U.S. equities posted a modest rebound on Tuesday ahead of Wednesday’s Federal Reserve policy announcement. The S&P 500 gained 0.2%, cutting its weekly loss to 1.3%. The Nasdaq climbed 0.3% amid ongoing unevenness in big-cap tech stocks. Treasury bonds declined, pushing the 10-year yield up to 2.9%.
Heading into the Fed meeting, watch for:
*An interest rate hike. This is all but baked in.
*A lift to the “dot plot” as policymakers lift their expectations for inflation, economic growth and rates.
*Commentary from Fed chairman Jerome Powell on the “balance of risks” to the inflation and growth outlook during his post-announcement press conference.
After this, Friday is expected to bring President Donald Trump’s announcement of tariffs against China, set to total $60 billion.
All of this should contribute to ongoing market volatility as the Dow Jones Industrial Average continues to be in the grips of a breakdown from its two-month wedge pattern. So keep an eye on these three stocks:
Facebook Inc (NASDAQ:FB) lost another 2.6% on reports the FTC is investigating whether recent headlines about data mining by Cambridge Analytica violated a 2011 settlement regarding privacy. The company will next report results on May 2 after the close. Analysts are looking for earnings of $1.36 per share on revenues of $11.4 billion.
Twitter Inc (NYSE:TWTR) fell 10.4% on reports Israel is considering sanctions for allegedly ignoring terror related content. The company will next report results on April 25 before the bell. Analysts are looking for earnings of 11 cents per share on revenues of $606 million.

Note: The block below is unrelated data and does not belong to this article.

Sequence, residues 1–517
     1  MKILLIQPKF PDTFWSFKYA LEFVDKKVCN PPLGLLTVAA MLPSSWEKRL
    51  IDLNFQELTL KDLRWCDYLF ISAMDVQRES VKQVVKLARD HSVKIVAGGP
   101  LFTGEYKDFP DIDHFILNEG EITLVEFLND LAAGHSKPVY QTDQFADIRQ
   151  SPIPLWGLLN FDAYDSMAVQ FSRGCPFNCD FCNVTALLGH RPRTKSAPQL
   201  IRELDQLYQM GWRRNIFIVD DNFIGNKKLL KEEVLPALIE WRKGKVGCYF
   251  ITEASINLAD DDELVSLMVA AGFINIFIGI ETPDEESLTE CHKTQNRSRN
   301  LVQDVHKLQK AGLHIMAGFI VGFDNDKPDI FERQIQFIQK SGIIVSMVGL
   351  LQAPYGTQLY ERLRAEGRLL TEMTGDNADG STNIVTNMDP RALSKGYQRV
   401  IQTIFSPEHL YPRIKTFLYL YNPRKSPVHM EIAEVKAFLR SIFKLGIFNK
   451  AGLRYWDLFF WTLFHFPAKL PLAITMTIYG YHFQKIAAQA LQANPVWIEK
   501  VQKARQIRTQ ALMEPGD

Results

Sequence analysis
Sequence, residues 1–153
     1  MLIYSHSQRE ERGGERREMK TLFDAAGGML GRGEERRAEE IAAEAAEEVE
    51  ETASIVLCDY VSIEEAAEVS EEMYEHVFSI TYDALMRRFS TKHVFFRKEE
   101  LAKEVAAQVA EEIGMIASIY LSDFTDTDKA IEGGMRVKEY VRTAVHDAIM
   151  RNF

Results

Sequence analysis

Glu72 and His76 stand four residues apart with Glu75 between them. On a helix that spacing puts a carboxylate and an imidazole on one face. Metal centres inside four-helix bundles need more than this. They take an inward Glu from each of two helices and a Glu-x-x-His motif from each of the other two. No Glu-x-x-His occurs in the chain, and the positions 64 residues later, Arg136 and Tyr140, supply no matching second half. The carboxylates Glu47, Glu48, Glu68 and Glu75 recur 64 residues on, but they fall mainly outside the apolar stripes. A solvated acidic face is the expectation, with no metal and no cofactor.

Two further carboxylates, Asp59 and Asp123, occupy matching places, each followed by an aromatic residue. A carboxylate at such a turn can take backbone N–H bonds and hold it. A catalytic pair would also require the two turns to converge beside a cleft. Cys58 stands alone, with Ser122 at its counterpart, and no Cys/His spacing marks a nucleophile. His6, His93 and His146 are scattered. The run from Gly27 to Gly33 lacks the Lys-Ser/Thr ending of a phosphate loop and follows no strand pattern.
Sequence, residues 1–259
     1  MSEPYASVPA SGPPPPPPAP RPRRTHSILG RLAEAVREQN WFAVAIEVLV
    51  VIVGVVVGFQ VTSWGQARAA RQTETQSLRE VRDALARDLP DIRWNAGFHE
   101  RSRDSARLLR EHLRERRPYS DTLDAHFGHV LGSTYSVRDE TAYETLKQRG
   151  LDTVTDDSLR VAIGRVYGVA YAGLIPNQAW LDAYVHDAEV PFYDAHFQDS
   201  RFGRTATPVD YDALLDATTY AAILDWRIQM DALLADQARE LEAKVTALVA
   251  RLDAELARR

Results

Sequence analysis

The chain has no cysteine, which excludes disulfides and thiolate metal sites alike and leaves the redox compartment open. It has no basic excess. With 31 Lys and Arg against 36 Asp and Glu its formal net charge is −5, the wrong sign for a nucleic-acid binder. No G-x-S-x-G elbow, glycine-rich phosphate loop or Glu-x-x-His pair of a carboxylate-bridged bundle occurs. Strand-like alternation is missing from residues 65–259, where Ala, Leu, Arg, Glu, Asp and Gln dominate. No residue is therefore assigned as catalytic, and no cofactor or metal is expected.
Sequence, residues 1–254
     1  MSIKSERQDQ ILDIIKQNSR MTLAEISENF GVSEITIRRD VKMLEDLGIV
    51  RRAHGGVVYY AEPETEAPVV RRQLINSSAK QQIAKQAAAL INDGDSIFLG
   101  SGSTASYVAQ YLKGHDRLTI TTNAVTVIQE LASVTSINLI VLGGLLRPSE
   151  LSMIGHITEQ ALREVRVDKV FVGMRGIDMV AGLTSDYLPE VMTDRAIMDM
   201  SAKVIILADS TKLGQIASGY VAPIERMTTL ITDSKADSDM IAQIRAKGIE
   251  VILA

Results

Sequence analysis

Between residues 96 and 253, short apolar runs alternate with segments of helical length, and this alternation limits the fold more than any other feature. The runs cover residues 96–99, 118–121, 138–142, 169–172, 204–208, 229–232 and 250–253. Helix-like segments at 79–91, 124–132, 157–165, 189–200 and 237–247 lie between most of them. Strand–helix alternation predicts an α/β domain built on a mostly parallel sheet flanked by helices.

Oracle Corporation (NYSE:ORCL) lost 9.4% after better-than-expected quarterly results were overshadowed by disappointing results for the cloud computing segment and tepid guidance. Earnings of 83 cents per share beat estimates by 11 cents on a 5.4% rise in revenues.
Check out Serge Berger’s Trade of the Day for March 21.
Today’s Trading Landscape
To see a list of the companies reporting earnings today, click here.
For a list of this week’s economic reports due out, click here.
Tell us what you think about this article! Drop us an email at firstname.lastname@example.org, chat with us on Twitter at @InvestorPlace or comment on the post on Facebook. Read more about our comments policy here.